The international line-up in the static display was one of the most impressive for years with a good selection of ‘heavies’ on show. The United States Air Force’s 315th Airlift Wing has become a firm favourite at Air Days with its Boeing C-17A Globemaster III. 2019 saw a second C-17A on display with a UK debut airshow appearance by an example from the Qatari Emiri Air Force. This aircraft is from the Amiri Flight and wears the attractive colours of Qatar’s national airline. Qatar also had a Lockheed Martin C-130J-30 Hercules II in the static display which made its first Yeovilton appearance last year.
The Lithuanian Air Force’s contribution to Air Day 2018 was one of the highlights of the show and it was wonderful to see them back at Yeovilton in the year they celebrate their own centenary. They added to the collection of transport aircraft with an Alenia C-27J Spartan.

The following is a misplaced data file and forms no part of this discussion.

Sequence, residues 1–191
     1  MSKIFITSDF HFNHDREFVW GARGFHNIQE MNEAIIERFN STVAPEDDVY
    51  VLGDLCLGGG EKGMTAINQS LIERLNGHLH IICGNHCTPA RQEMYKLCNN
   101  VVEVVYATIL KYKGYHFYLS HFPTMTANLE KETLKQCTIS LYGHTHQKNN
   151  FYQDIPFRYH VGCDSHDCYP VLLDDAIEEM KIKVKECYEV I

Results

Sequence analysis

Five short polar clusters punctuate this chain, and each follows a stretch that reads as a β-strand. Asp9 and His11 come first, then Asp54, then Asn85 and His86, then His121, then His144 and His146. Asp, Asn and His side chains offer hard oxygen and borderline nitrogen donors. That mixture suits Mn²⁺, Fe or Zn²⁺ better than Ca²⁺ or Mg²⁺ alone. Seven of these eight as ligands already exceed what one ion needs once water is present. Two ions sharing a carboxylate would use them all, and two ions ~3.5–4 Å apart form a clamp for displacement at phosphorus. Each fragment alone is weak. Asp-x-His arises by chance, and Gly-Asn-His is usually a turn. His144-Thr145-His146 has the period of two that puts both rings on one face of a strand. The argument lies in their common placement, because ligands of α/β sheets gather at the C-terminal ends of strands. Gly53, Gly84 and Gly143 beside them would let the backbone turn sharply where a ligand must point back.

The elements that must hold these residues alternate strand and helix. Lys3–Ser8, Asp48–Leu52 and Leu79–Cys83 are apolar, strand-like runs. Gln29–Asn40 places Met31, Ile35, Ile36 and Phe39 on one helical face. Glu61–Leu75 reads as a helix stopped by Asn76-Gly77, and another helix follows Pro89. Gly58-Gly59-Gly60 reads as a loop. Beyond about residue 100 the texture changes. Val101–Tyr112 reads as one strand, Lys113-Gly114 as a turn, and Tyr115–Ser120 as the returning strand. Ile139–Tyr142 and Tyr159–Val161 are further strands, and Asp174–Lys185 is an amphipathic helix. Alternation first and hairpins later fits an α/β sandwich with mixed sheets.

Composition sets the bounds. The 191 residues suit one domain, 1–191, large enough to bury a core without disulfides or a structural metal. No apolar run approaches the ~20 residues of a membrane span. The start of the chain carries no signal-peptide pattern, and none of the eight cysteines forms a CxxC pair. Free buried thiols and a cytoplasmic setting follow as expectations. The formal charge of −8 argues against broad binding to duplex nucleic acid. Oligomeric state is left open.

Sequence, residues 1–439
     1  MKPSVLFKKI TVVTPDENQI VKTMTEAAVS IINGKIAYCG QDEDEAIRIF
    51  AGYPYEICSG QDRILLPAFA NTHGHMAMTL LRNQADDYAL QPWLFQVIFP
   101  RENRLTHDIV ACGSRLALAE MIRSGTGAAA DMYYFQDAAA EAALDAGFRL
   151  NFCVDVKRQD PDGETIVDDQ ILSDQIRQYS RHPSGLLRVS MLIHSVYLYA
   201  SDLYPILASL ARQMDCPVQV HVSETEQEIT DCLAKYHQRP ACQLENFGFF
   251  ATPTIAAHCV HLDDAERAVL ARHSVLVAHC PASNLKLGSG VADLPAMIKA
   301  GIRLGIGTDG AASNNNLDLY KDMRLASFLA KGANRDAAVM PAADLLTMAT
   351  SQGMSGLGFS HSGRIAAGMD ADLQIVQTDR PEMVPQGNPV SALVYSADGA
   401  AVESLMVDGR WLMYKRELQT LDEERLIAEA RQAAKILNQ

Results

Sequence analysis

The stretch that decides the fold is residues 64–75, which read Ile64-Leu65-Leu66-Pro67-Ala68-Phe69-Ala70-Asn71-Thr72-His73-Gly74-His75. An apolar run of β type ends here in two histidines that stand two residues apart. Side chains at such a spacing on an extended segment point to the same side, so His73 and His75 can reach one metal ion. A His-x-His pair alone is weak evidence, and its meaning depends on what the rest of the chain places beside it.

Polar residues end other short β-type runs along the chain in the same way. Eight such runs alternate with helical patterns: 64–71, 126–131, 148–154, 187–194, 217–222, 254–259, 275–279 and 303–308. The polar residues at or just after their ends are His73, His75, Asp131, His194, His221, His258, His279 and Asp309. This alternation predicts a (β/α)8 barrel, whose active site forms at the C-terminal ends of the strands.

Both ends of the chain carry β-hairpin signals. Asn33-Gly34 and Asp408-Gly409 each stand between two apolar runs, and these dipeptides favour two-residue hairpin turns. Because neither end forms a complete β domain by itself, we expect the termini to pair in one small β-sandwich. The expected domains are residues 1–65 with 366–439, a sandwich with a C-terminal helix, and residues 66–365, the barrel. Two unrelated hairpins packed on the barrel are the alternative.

Adding to the ‘heavies’ was really exciting array of Maritime Patrol Aircraft. The German Navy have supported Air Day and other UK shows very well recently and they brought a Lockheed P-3C Orion for static display. The Royal Canadian Air Force added to the MPA theme with its own version of the P-3, the Lockheed CP-140 Aurora which was a very welcome addition from across the Atlantic. But perhaps the star of the maritime line-up was a Yeovilton debut for the Leonardo P-72A from the Italian Air Force. Based on the ATR-72, the P-72A is a new generation maritime patrol aircraft which has only just entered service. The aircraft provides surveillance capabilities against both surface and underwater targets and can be armed with gun-pods, aerial torpedoes, depth charges and anti-shipping missiles. The type is also used on search and rescue operations.